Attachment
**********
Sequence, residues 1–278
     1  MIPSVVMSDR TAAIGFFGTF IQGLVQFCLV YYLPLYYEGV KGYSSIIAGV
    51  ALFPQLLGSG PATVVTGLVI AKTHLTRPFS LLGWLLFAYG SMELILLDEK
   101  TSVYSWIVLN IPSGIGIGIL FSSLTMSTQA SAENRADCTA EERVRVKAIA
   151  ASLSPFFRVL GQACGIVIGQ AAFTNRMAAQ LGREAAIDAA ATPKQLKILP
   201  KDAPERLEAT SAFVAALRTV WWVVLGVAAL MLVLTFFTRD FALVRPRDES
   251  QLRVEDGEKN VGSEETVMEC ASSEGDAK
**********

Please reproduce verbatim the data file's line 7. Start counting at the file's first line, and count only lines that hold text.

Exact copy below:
   251  QLRVEDGEKN VGSEETVMEC ASSEGDAK